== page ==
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FAO Fishtat on line database
Uploaded on Thursday 01 Mar 2012
Historical decline of the Caspian seal (Pusa caspica)
Original cartography by Philippe Rekacewicz (le Monde Diplomatique) assisted by Laura Margueritte and Cecile Marin, later updated by Riccardo Pravettoni (GRID-Arendal), Novikov, Viktor (Zoi Environment Network)
The Caspian seal (Pusa caspica) population has
declined by more than 90 per cent since the start of
the 20th century, falling from more than 1 million
individuals in 1900 to around 100 000 today (CEP,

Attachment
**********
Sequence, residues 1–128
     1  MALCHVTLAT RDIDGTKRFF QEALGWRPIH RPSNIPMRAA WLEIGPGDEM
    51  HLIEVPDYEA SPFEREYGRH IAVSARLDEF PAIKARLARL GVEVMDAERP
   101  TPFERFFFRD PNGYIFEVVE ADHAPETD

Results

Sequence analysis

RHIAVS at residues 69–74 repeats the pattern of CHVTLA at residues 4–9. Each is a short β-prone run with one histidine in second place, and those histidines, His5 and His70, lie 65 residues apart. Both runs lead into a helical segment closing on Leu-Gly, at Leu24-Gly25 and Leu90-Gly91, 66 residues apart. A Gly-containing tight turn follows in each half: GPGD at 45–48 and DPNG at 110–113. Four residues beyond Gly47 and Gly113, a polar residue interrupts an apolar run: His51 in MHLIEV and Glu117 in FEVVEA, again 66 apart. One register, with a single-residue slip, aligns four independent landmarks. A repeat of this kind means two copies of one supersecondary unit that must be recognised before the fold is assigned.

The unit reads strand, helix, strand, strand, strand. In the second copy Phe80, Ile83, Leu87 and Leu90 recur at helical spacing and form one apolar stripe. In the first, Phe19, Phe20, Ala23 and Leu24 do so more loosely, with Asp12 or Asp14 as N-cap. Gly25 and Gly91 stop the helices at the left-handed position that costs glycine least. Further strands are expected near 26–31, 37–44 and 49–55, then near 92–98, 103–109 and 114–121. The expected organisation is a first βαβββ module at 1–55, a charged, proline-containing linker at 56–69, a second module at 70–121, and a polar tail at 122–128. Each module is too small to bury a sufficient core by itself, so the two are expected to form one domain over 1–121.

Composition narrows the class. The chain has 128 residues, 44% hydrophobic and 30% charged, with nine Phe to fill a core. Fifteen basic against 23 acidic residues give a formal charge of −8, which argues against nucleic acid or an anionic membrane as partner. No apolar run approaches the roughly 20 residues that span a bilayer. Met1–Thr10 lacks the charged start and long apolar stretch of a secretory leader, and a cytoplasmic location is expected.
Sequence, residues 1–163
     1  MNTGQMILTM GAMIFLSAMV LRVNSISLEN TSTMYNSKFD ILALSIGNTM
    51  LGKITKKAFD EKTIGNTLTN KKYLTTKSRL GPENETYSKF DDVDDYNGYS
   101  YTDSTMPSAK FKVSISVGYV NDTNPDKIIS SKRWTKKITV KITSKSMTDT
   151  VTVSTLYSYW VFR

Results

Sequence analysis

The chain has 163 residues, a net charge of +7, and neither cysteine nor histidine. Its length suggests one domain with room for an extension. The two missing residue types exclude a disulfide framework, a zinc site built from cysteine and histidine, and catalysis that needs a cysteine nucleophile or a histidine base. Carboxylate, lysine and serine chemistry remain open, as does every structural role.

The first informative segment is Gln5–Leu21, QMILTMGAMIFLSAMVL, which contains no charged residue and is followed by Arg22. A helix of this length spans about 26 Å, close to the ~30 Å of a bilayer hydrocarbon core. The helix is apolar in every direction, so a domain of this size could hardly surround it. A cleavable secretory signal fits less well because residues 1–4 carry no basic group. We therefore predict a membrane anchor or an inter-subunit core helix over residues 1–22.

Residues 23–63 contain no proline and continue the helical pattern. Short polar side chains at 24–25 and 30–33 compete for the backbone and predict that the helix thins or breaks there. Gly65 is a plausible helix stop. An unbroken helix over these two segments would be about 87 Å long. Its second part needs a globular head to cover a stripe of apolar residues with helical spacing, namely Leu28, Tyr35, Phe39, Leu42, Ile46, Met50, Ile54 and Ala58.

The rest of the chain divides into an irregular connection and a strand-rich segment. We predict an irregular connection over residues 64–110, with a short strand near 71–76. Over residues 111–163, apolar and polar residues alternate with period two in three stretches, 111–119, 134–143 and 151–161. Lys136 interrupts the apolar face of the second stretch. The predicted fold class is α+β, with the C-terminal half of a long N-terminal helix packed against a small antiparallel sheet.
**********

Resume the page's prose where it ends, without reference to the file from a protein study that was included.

2007). However, at present there are only around
7 to 15 thousand breeding females, meaning the
population has very low reproductive capacity. The
principle cause of the decline was unsustainable levels
of hunting for seal oil and fur through much of the
20th century. Large-scale commercial hunting ceased
in the early 1990s, but mortality caused by humans still
continues to be the greatest threat to the population.
Sporadic commercial hunts restarted from 2004, and
currently by-catch in illegal sturgeon fisheries may be
killing more than 10 000 seals per year.